Borough auxiliaries are applauding the United States Department of Justice’s decision to give the families of NYPD Auxiliaries Eugene Marshalik, 19, and Nicholas Pekearo, 28, $300,000 in death benefits.
The decision is a reversal of their earlier decision that the families of the two volunteers could not receive death benefits because they weren’t peace officers.
“We’re happy that the families are getting what they deserve,” said Chief Tony Christo, the commanding officer of Patrol Borough Brooklyn South’s auxiliary patrol. “[The decision] also shows an acknowledgment of what the auxiliaries do — we care about our community and our city and we are going to continue to do the best job we can.”
Following an appeal spearheaded by Marshalik and Pekearo’s families, NYPD Police Commissioner Ray Kelly and Brooklyn U.S. Senator Charles Schumer, the Department of Justice authorized the death benefits after “New evidence showed that the officers were killed by the gunman specifically because he thought they were regular police officers.”
Last year Marshalik, 19, a resident of Midwood, and Pekearo, 28, were in uniform when they were shot and killed by crazed gunman David Garvin as they helped patrol Greenwich Village, officials said.
Their families received death benefits from the city, but were denied federal death benefits because of their non-peace officer status.
During the appeal hearing, Kelly said that according to accounts from the night of their death, an eyewitness ran up to Marshalik and Pekearo after witnessing Garvin shoot someone in a nearby pizza shop, believing that they were actual police officers, not volunteer cops.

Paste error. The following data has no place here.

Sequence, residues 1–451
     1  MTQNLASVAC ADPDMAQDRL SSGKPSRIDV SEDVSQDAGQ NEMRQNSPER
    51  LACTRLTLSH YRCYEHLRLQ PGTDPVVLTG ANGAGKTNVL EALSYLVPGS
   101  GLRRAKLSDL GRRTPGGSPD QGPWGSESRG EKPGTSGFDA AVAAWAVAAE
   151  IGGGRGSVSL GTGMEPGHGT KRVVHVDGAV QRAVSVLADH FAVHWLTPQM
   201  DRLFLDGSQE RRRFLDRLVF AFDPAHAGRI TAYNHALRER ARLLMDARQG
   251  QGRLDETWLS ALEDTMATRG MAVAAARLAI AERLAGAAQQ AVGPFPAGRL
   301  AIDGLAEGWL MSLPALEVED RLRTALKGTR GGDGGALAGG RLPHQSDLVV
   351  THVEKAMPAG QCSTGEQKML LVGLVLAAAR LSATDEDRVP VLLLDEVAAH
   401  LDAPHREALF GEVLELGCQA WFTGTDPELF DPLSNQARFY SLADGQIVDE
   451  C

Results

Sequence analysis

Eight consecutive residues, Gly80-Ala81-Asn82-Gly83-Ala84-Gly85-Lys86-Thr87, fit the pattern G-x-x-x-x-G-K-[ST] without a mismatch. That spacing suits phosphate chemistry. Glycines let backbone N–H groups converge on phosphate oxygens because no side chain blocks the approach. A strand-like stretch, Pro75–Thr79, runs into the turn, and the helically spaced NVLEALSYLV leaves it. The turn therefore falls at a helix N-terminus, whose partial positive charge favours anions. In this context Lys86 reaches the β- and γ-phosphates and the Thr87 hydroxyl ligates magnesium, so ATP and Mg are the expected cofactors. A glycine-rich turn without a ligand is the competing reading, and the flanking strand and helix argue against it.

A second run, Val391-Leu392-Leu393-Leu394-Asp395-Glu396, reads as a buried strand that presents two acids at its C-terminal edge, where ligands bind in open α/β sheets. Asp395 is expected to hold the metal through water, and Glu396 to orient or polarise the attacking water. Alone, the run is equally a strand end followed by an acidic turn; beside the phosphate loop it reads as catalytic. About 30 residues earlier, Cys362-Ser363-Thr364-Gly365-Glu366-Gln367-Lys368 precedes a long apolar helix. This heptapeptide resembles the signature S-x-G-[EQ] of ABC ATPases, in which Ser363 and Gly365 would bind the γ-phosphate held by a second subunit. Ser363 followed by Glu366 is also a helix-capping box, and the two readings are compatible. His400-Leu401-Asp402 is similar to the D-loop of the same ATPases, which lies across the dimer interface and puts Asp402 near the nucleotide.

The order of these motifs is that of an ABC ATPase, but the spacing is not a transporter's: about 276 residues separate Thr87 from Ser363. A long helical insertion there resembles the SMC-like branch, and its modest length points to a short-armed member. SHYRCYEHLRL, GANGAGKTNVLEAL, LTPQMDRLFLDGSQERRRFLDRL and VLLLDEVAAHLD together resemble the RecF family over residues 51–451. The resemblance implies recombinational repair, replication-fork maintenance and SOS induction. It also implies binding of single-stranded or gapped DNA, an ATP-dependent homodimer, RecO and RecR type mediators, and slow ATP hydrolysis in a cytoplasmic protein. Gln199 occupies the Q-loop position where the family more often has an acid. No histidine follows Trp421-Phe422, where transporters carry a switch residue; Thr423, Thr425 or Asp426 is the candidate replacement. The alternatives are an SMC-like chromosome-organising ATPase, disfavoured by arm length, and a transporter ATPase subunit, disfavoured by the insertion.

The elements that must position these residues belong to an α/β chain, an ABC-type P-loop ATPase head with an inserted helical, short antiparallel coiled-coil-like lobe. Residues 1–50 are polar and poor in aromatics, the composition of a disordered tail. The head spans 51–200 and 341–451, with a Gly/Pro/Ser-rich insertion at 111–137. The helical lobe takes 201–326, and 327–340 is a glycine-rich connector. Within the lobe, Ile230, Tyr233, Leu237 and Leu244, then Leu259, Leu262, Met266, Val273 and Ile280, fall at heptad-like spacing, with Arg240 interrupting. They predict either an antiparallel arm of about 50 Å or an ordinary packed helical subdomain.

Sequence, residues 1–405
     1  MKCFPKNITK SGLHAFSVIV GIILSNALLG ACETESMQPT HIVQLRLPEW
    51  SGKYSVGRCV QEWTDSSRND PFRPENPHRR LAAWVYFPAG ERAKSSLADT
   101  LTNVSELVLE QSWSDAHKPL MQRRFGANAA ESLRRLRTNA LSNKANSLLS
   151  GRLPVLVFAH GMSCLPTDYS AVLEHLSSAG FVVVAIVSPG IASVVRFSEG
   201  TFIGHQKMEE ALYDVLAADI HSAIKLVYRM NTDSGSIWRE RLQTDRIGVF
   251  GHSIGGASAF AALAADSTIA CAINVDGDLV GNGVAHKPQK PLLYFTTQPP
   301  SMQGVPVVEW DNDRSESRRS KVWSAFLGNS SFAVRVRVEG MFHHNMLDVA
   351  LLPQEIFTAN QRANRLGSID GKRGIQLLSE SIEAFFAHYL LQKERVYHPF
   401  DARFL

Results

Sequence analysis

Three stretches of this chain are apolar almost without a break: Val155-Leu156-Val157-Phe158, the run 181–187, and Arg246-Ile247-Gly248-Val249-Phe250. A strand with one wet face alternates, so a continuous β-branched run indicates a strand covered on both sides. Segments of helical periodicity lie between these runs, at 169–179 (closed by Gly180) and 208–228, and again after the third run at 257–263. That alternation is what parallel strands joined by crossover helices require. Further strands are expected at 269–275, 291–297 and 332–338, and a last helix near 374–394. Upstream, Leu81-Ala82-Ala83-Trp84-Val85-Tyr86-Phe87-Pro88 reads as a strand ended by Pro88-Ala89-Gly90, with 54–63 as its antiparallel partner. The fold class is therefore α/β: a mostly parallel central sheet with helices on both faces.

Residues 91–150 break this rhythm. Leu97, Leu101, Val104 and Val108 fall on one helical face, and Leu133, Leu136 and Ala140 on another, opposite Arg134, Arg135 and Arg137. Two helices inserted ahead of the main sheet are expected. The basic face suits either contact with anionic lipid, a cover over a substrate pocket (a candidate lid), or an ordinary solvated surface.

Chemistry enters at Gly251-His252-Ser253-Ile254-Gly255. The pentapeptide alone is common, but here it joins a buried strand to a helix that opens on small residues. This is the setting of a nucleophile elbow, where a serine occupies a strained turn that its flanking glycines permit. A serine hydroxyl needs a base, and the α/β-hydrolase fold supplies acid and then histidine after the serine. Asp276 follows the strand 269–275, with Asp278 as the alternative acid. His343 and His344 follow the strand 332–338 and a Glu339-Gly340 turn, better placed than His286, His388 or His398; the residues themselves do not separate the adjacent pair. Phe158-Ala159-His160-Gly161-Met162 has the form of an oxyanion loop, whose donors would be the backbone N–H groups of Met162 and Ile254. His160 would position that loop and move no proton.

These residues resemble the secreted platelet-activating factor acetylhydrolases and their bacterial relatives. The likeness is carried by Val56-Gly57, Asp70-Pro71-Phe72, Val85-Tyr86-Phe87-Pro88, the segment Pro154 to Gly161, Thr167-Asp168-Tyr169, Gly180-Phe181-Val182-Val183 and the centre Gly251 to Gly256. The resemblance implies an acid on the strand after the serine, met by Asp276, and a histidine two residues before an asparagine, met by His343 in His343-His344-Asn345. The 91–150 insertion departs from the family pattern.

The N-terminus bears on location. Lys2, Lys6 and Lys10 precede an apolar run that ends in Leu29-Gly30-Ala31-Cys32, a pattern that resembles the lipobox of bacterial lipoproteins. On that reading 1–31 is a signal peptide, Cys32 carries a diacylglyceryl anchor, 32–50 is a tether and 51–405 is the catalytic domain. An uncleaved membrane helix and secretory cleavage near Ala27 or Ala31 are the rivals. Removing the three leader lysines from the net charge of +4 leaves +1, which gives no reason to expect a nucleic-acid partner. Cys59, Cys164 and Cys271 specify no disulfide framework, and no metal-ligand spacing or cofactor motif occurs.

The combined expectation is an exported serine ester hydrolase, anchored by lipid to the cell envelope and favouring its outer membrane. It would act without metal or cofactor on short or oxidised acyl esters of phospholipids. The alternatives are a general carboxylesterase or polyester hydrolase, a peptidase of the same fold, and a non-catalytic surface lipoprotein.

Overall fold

“The eyewitness approached two uniformed officers and alerted them to the presence of the gunman,” said Kelly. “We now know that those uniformed officers were Officers Marshalik and Pekearo who were heading in the direction of the pizzeria, but were still two blocks away. This eyewitness, as well as numerous others who saw pieces of the incident unfold, believed that Officers Marshalik and Pekearo were sworn NYPD officers and did not distinguish them as Auxiliary Police Officers nor, we think, did the gunman.”
Federal officials said that this witness testimony, coupled with Kelly’s plea helped sway their decision.
“[Marshalik and Pekearo] were shot in cold blood, in their auxiliary police officer uniforms, specifically because of their status as officers of the New York City Police,” a Department of Justice spokesperson said.
“This decision acknowledged what I and every other New Yorker already knew: that Auxiliary Police Officers Nicholas Pekearo and Eugene Marshalik were heroes, and they were killed in the line of duty as public safety officers,” said Schumer.